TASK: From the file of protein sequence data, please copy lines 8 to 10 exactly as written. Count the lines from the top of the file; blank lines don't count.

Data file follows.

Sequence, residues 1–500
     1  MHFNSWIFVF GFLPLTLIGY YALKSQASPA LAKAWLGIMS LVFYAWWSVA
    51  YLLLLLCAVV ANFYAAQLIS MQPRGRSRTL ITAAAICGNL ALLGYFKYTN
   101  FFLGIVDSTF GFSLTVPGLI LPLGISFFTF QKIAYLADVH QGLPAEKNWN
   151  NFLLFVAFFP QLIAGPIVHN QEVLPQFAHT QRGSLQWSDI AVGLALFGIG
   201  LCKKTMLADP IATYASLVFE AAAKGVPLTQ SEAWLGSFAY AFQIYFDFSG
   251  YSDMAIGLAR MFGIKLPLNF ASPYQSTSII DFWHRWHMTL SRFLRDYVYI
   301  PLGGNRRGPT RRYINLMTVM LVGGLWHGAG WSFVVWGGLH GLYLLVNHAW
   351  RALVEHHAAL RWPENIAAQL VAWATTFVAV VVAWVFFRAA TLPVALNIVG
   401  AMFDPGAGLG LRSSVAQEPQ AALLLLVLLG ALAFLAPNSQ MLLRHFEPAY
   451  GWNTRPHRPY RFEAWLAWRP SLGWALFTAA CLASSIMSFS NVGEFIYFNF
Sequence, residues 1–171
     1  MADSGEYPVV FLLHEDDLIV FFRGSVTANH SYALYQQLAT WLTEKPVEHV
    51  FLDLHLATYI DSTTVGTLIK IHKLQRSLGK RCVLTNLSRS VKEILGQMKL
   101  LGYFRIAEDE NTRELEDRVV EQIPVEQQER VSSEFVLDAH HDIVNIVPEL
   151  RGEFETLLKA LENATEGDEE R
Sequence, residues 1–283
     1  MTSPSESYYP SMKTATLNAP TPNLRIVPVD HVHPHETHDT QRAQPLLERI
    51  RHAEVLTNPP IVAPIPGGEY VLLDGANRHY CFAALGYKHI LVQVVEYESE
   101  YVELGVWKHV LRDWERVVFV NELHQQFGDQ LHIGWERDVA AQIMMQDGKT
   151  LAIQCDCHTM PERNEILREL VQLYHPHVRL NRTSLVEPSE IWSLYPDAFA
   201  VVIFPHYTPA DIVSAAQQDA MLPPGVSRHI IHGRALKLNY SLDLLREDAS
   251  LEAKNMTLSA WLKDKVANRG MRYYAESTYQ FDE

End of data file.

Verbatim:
   301  PLGGNRRGPT RRYINLMTVM LVGGLWHGAG WSFVVWGGLH GLYLLVNHAW
   351  RALVEHHAAL RWPENIAAQL VAWATTFVAV VVAWVFFRAA TLPVALNIVG
   401  AMFDPGAGLG LRSSVAQEPQ AALLLLVLLG ALAFLAPNSQ MLLRHFEPAY